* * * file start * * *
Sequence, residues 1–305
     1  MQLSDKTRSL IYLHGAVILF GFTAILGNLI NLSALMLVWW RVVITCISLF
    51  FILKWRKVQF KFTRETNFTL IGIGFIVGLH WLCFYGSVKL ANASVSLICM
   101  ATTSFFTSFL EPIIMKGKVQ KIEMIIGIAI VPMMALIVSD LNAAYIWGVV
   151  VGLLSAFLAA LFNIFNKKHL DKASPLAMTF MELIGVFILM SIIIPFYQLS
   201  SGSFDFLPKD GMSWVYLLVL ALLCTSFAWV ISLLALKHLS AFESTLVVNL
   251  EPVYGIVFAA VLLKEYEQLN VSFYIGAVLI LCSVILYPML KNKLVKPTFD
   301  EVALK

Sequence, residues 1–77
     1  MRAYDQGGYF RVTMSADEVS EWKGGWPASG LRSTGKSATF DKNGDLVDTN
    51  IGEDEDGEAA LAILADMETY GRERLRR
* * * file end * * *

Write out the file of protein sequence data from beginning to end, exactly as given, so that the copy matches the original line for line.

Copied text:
Sequence, residues 1–305
     1  MQLSDKTRSL IYLHGAVILF GFTAILGNLI NLSALMLVWW RVVITCISLF
    51  FILKWRKVQF KFTRETNFTL IGIGFIVGLH WLCFYGSVKL ANASVSLICM
   101  ATTSFFTSFL EPIIMKGKVQ KIEMIIGIAI VPMMALIVSD LNAAYIWGVV
   151  VGLLSAFLAA LFNIFNKKHL DKASPLAMTF MELIGVFILM SIIIPFYQLS
   201  SGSFDFLPKD GMSWVYLLVL ALLCTSFAWV ISLLALKHLS AFESTLVVNL
   251  EPVYGIVFAA VLLKEYEQLN VSFYIGAVLI LCSVILYPML KNKLVKPTFD
   301  EVALK

Sequence, residues 1–77
     1  MRAYDQGGYF RVTMSADEVS EWKGGWPASG LRSTGKSATF DKNGDLVDTN
    51  IGEDEDGEAA LAILADMETY GRERLRR